The Death of my friend last week was a wake up call to start getting my own shit done. There might not be a tomorrow, after all. To be perfectly realistic, my health is already at the point where if I don’t start taking care of it, I could be in the last third of my life instead of the last half. I’m not ready for that yet.

So I’m making changes. Real changes.

First off, I’m going to work on my health. That needs to change. My diet is not terrible, but it’s also not great. It just needs a little tweaking, really. Past that, I need to exercise more. *That* is really my problem. My job is sitting around, my hobbies are sitting around and that needs to change.

Second, my art. I know what I want to do going forward, and I’m just going to start doing it. I’m planning a return to internet live stream broadcasting (live casting?) and I have the hope of eventually performing on a stage at some point.

Also in that vein, I want to explore other avenues of my creativity. Something I can do when the musical inspiration isn’t hitting me. I’d really like to try my hand at writing.

Finally, and this is the tough one, my career needs to change. I don’t want my legacy on this earth to be a well run IT department that created the most efficient workflow management system. Making profit for others is no legacy. I don’t know how or what I can change, but it’s time to decide how I want to define the last half of my life, and I don’t think it’s going to be writing insurance software.

Ive had this feeling of imminent dread lately regarding changes I felt were coming. I need to get ahead of the changes this time and direct them rather than let myself be a twig floating downstream (possibly to a sewage plant). And I’m going to start now.


Death is a strange thing.   You always know it’s coming, but you never know when or from where.   You just know it’s out there.  Because of this, you always think there is going to be more time.  You think of that trip you want to take and say “not now” or that thing you want to do and say “I’ll get to it”…or a memory of a friend you haven’t spoken to in a while goes through your head and you think “I should write them, see how their doing, when I have some time”.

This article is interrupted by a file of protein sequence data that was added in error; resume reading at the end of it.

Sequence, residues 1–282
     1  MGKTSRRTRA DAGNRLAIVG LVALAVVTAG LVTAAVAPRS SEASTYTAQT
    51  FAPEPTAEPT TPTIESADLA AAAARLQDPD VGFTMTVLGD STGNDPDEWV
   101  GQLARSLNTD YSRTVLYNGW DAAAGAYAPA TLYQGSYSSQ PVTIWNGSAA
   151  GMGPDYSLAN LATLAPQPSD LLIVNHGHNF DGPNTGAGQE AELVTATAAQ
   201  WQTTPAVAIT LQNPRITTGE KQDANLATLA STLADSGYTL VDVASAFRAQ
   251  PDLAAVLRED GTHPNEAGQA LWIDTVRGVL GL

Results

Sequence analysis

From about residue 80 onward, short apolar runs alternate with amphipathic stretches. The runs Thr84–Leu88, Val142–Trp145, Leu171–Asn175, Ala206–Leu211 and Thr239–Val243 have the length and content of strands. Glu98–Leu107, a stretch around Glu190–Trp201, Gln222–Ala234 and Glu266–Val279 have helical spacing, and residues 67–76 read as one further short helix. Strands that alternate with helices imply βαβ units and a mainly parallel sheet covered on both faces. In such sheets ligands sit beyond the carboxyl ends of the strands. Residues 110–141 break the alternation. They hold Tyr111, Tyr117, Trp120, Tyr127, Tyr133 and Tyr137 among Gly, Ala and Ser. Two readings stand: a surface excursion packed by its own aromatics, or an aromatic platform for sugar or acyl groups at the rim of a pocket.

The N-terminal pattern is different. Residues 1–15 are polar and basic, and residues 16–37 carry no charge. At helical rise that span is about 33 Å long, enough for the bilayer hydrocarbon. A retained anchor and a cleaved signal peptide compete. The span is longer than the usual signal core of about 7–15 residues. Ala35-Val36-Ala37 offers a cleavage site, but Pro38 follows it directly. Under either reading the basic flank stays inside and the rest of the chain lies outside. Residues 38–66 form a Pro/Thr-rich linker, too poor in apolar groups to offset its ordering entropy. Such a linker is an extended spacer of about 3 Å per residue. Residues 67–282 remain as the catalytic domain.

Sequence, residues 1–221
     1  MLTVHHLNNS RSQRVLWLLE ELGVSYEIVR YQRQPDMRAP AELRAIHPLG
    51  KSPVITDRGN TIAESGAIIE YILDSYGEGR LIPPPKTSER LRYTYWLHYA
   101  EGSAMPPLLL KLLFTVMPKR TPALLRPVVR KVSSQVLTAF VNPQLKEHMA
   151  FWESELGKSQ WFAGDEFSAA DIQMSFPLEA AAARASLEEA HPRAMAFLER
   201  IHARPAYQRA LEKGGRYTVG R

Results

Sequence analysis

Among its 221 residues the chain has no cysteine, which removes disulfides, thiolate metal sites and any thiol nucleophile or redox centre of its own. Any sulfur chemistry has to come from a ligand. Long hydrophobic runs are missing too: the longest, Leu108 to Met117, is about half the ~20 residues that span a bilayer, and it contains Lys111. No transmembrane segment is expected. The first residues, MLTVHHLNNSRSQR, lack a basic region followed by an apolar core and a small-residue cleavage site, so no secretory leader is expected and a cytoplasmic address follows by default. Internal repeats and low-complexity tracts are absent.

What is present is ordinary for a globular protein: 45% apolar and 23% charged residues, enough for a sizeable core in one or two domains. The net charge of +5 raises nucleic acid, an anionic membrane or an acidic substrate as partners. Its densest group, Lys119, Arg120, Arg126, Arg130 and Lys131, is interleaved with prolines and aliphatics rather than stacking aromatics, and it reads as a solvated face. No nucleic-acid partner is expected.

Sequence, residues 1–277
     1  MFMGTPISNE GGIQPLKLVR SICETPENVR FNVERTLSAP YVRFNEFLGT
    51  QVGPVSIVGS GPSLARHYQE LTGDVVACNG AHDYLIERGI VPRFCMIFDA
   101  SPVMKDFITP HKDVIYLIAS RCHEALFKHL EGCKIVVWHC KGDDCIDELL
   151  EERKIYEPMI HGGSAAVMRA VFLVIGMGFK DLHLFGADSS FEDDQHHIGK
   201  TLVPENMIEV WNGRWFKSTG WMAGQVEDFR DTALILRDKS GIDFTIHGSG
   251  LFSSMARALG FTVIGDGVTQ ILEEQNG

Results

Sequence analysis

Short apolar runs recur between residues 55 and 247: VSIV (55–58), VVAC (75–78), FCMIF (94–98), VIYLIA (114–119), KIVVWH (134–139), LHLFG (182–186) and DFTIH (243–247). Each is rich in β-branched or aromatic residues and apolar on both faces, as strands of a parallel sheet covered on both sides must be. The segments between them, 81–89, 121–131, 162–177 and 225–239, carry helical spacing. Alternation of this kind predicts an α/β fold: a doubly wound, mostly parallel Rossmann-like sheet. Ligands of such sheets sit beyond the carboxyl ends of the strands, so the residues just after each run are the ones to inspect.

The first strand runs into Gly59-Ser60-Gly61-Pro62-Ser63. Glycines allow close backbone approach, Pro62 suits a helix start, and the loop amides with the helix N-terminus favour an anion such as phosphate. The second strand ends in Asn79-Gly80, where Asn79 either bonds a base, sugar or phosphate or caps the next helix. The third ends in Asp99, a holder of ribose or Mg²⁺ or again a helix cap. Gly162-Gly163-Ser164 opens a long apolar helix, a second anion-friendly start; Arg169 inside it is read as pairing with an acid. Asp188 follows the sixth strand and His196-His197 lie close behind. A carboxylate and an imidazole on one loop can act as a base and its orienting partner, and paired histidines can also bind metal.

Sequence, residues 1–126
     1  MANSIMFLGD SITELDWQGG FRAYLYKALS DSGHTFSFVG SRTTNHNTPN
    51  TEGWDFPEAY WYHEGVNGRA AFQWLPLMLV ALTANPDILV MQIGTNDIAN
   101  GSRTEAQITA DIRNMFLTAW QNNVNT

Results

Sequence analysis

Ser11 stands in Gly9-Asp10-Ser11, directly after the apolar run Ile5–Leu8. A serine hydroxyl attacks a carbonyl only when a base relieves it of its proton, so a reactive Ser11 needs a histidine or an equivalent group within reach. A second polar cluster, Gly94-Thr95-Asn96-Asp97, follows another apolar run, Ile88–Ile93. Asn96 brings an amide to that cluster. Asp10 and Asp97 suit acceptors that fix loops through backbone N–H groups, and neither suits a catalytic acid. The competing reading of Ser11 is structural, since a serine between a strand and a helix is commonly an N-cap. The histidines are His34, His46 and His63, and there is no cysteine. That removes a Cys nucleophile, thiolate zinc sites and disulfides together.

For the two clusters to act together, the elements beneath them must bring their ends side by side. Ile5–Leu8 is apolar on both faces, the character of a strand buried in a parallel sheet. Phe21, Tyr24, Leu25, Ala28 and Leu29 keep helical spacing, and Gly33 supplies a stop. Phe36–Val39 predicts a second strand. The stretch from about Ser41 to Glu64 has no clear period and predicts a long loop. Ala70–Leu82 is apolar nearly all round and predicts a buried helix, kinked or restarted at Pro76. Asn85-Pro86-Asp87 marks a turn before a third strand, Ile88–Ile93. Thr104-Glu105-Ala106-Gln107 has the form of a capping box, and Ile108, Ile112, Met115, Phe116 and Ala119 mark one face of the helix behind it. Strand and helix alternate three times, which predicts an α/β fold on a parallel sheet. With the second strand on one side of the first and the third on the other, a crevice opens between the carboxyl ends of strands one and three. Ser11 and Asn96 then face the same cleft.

Then you get the message.   They’re gone.  Without you even knowing about it, they took ill months ago and finally found peace a world away and half a day ago.  They’re gone, and there is no tomorrow, no getting to it, and that ‘now’ wil never come.

I met Gert through an oldschool online mailing lists called “The Music Bar” in about 1993 or 1994.  Maybe it was earlier or later than that..the mind goes fuzzy.  I found the Music Bar through the TechLab mailing lists, one of which was for the Yamaha SY85 Synthesizer, my first professional instrument.

What I found in the Music Bar profoundly affected my development both as a artist and as a person.  Here was a group of musicians who were literally from around the world, all engaged in some form of electronic music.  Many of them were older and had been producing music already for decades.  Some were as new as I was to this world.  Some newer.

One of those was Gert Van Santen (or as we called him, the Galactic Space Emperor).
Gert (pronounced ‘Hert’, I was told) was a gentle giant of a man, who’s simple purpose was to bring delight into the world.  And he was uniquely gifted at this purpose, his very presence radiating a positivity and, yes, delight that was simply infectius.   My only regret is that I only got to meet him in person once.

And now he’s gone, and the chance to bathe in that delightful presence gone with it.